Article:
What is the Best Test for Pediatric Gastroesophageal Reflux Disease?

Children's Hospital of Pittsburgh of UPMC, Department of Otolaryngology, University of Pittsburgh School of Medicine, Pittsburgh, PA, U.S.A.
The Laryngoscope (Impact Factor: 2.14). 12/2013; 123(12). DOI: 10.1002/lary.23656
Source: PubMed
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    ABSTRACT: There continues to be significant controversy related to diagnostic testing for gastroesophageal reflux disease (GERD). Clearly, barium contrast fluoroscopy is superior to any other test in defining the anatomy of the upper gastrointestinal (UGI) tract. Although fluoroscopy can demonstrate gastroesophageal reflux (GER), this observation does not equate to GERD. Fluoroscopy time should not be prolonged to attempt to demonstrate GER during barium contrast radiography. There are no data to justify prolonging fluoroscopy time to perform provocative maneuvers to demonstrate reflux during barium contrast UGI series. Symptoms of GERD may be associated with physiologic esophageal acid exposure measured by intraesophageal pH monitoring, and a significant percentage of patients with abnormal esophageal acid exposure have no or minimal clinical symptoms of reflux. Abnormal acid exposure defined by pH monitoring over a 24-h period does not equate to GERD. In clinical practice presumptive diagnosis of GERD is reasonably assumed by substantial reduction or elimination of suspected reflux symptoms during therapeutic trial of acid reduction therapy.
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    ABSTRACT: The aim of our study was to evaluate the relationship between gastric emptying and gastroesophageal reflux (GER) in infants and children. One hundred eight patients (pts) between 3 months and 5 years of age (77 boys, 31 girls) with clinical suspicion of GER disease were included in the study. Patients were divided into 2 groups according to the age range: group A, 0-2 years (57 pts), and group B, 2-5 (51 pts) years. Each group was divided into 2 subgroups according to the scintigraphic study as GER-positive and -negative. Cow's milk with Tc-99m sulfur colloid as radiotracer was used. Gastric emptying was expressed as the half emptying time (T1/2). The detection of activity in the esophagus at any time during scintigraphy was considered an indicator of GER episodes. Reflux episodes were graded as grade 1 if activity was detected on one or 2 frames and grade 2 if activity was detected on more than 2 frames. Forty of the 108 patients (37%) had GER findings on scintigraphy. The comparison of gastric emptying time between positive GER scintigraphy and negative GER scintigraphy groups was not statistically significant in any age group. No association was found between age and rate of gastric emptying time. Although the comparison of T1/2 between grade 1 patients and the GER-negative group was not statistically significant, grade 2 patients showed significant differences and had prolonged gastric emptying times. Mild statistical correlation between the number of reflux episodes and gastric emptying half time was found. As a conclusion, the relation between gastroesophageal reflux and delayed gastric emptying cannot be ignored. Our results support delayed gastric emptying to be a pathogenetic factor in gastroesophageal reflux in infants and children.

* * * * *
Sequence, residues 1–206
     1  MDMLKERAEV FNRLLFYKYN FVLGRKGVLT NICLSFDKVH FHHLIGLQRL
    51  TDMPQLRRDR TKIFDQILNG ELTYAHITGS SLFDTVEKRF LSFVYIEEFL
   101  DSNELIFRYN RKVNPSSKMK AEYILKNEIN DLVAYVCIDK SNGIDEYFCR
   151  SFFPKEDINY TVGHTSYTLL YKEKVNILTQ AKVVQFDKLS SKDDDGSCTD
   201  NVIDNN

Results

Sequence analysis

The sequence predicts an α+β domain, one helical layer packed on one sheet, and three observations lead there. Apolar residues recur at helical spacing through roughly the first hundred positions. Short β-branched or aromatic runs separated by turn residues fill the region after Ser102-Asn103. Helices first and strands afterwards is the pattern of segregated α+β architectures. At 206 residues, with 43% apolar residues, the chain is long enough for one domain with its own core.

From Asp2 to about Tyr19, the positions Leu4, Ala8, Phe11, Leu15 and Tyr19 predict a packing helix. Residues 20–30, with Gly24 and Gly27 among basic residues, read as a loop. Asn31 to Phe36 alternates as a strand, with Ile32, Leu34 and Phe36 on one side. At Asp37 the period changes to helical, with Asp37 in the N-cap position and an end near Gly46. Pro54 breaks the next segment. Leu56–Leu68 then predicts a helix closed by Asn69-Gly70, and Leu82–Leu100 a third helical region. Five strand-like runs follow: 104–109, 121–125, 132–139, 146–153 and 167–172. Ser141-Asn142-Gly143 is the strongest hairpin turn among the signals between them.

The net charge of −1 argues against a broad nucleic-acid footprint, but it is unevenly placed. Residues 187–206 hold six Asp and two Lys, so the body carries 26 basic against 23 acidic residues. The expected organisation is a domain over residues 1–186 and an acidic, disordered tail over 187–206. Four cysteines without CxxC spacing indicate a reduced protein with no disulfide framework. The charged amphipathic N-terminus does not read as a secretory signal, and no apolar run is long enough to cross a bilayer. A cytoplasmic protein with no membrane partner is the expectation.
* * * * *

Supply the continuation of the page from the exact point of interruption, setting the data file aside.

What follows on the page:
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    ABSTRACT: To develop a North American Society for Pediatric Gastroenterology, Hepatology, and Nutrition (NASPGHAN) and European Society for Pediatric Gastroenterology, Hepatology, and Nutrition (ESPGHAN) international consensus on the diagnosis and management of gastroesophageal reflux and gastroesophageal reflux disease in the pediatric population. An international panel of 9 pediatric gastroenterologists and 2 epidemiologists were selected by both societies, which developed these guidelines based on the Delphi principle. Statements were based on systematic literature searches using the best-available evidence from PubMed, Cumulative Index to Nursing and Allied Health Literature, and bibliographies. The committee convened in face-to-face meetings 3 times. Consensus was achieved for all recommendations through nominal group technique, a structured, quantitative method. Articles were evaluated using the Oxford Centre for Evidence-based Medicine Levels of Evidence. Using the Oxford Grades of Recommendation, the quality of evidence of each of the recommendations made by the committee was determined and is summarized in appendices. More than 600 articles were reviewed for this work. The document provides evidence-based guidelines for the diagnosis and management of gastroesophageal reflux and gastroesophageal reflux disease in the pediatric population. This document is intended to be used in daily practice for the development of future clinical practice guidelines and as a basis for clinical trials.
    Journal of pediatric gastroenterology and nutrition 10/2009; 49(4):498-547. DOI:10.1097/MPG.0b013e3181b7f563 · 2.63 Impact Factor